“I decided to give it a go and I’m really
glad I did.
“It’s kind of scary at the start, especially when the waves go over your head because it’s easy to get disorientated, but
Dan Lavery and the other instructors are
with us at all times and they’re lifeguards
She adds: “It’s a great feeling when I’m
on a wave and I’m zooming along.
“The boards are good because I have
two handles at the front to hold on to and
there’s room at the back for the instructor
to hold on as well.
“There’s a good group of blind people
who’re trying surfing now, and even the instructors have tried surfing blindfolded to
see what it’s like for us.
“I think things like surfing for disabled
people really opens peoples’ attitudes to the
possibilities there are. I mean why not?”
Dan Lavery (22) and his brother Gareth
run Long Line Surf School which was set
up only a year ago, and since then they’ve
pioneered surfing for the disabled.
Dan explains: “I was working at a surf
school in Cornwall when I came up with
“I live in Benone myself and I knew
that we wanted to open a surf school but
we didn’t want to leave anyone out — we
didn’t want to have to turn anyone away because of a disability.”
He adds: “I have a friend in Cornwall
who makes surfboards, so I got these big
9ft 6in boards made that have three straps
along each side and room at the back for
the instructor. This means that if a person
with a disability is on the board, we can
paddle them into the wave and it takes
away a lot of the intimidation that people
Dan’s take on surfing for disabled people has proved a huge success, but it’s only
recently that he’s realised that blind people can take part in the surfing, too.
He explains: “So far we’ve mostly been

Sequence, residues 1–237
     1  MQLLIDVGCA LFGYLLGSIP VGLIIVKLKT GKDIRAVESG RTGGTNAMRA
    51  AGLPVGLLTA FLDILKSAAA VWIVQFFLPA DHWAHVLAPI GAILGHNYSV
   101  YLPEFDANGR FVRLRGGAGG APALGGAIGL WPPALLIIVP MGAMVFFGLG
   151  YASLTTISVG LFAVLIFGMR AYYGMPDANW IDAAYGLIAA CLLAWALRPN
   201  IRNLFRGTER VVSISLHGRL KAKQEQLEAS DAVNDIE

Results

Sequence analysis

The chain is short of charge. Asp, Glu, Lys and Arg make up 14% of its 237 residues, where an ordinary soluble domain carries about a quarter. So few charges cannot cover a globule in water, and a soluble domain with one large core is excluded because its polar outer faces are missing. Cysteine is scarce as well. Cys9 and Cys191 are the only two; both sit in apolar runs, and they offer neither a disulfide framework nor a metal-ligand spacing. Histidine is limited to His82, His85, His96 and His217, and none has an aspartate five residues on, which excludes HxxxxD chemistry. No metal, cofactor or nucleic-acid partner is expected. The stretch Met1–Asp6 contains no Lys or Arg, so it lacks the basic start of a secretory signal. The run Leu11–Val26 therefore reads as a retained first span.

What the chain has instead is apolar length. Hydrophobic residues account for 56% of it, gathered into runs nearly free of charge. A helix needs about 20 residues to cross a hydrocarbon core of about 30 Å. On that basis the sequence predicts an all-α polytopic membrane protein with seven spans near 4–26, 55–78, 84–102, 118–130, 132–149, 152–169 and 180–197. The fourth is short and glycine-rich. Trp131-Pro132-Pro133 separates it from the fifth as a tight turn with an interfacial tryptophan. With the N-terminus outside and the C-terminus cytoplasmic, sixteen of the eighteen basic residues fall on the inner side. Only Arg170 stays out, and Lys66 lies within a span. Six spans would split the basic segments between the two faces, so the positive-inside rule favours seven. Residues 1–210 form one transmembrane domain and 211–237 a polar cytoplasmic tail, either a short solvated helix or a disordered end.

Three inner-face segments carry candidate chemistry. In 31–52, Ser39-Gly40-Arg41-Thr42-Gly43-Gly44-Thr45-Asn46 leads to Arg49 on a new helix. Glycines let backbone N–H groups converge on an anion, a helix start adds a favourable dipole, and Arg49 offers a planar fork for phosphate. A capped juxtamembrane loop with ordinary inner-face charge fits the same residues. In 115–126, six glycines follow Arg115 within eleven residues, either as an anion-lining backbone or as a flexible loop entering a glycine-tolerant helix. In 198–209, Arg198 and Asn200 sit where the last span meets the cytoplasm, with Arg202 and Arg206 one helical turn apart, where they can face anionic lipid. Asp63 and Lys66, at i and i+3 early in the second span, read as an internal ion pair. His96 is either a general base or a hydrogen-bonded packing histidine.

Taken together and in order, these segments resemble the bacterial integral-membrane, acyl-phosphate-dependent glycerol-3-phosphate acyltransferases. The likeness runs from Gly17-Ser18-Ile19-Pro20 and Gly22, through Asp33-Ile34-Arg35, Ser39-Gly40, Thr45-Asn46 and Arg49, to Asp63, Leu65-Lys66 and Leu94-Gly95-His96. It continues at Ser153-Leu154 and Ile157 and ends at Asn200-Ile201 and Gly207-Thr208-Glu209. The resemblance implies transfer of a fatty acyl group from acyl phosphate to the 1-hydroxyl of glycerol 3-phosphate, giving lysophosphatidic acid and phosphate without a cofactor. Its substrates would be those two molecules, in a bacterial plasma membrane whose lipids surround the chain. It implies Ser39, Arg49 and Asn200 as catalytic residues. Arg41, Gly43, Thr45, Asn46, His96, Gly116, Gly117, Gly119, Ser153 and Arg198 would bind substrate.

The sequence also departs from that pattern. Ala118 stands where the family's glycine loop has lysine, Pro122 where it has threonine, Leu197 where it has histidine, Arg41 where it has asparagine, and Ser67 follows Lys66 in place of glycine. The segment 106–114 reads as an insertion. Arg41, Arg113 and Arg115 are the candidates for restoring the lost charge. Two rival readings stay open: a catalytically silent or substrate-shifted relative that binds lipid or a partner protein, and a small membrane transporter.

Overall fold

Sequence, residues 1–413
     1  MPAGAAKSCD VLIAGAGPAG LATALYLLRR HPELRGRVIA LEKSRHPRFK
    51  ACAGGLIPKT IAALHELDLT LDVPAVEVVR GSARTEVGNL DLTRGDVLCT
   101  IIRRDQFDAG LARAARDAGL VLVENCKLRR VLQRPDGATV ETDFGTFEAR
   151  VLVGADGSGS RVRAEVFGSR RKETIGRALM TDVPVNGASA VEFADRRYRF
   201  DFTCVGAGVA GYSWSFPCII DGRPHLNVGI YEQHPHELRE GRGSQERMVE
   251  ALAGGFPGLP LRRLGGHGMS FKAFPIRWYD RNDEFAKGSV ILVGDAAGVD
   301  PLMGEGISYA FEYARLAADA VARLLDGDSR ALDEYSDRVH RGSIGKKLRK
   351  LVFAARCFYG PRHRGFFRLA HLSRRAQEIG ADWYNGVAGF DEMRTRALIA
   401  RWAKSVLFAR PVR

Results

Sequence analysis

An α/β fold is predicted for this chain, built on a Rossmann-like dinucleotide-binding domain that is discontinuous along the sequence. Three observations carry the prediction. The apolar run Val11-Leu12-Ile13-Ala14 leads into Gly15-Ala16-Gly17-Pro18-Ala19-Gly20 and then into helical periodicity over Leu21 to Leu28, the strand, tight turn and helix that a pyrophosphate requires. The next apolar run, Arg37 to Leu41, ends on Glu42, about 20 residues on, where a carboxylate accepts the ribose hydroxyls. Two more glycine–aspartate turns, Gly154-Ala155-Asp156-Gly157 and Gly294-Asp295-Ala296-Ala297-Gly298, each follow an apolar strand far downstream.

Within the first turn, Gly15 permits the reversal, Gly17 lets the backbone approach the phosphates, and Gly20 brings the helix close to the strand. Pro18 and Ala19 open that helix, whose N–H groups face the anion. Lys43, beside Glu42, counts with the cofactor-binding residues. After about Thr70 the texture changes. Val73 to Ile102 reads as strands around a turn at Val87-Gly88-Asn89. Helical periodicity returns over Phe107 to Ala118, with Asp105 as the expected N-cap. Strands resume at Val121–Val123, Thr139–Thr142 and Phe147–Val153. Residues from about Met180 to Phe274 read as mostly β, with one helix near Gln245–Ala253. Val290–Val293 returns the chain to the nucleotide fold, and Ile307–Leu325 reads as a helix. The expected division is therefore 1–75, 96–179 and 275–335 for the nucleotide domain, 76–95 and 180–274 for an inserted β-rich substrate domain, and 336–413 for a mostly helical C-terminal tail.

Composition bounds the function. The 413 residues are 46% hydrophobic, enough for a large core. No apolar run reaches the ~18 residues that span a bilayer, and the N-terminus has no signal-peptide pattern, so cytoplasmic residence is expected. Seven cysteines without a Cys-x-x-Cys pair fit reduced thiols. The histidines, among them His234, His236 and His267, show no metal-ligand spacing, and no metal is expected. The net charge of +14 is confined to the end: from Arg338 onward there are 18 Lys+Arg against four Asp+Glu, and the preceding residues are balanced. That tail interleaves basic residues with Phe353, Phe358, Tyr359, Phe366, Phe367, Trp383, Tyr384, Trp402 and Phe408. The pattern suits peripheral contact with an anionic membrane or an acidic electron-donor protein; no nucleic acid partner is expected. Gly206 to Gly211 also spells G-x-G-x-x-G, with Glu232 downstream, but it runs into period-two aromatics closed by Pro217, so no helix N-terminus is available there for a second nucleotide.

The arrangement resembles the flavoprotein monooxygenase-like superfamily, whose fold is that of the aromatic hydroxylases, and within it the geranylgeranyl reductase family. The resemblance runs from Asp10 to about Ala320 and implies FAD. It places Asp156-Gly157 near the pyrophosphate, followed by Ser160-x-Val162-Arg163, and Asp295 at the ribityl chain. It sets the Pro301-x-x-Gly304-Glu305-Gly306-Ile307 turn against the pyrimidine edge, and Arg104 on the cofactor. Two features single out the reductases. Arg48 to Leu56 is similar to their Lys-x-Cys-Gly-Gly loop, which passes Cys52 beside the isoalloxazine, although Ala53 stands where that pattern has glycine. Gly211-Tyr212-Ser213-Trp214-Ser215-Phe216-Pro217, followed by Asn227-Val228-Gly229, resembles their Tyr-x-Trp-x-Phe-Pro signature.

going surfing with people with autism or
wheelchair users, but after bumping into
someone from the Guide Dogs NI, we decided to let some blind people give it a try.
“It’s amazing the response we get from
people who’re trying surfing for the first
time. It really hits home when you’re out
there, the level of trust they’re putting in
“My brother Gareth even decided to try
surfing blindfolded and after falling off his
board he became really disorientated.
“We’ve now made some blacked out
goggles so that all of the instructors can try
it so they understand how scary it can
He adds: “We’ve also introduced a blind
surfing section to our surfing competitions so competitive surfers can get an
idea of what it’s like as well.”
For more information on the Long Line Surf
School visit http://www.longlinesurf.con
It costs Guide Dogs around £50,000 to
support a guide dog from birth to retirement
It takes around 20 months of specialised
training to transform a newborn puppy
into a confident guide dog
A Walk My Way event will be taking
place in Belfast in the grounds of City Hall
today from 10:30am until 4pm, where
members of the public can come and experience how visually impaired people get
out and about
You can have a go at a blindfolded walk
around an obstacle course using a long
cane or with a guide dog in harness, and
experience being guided by a volunteer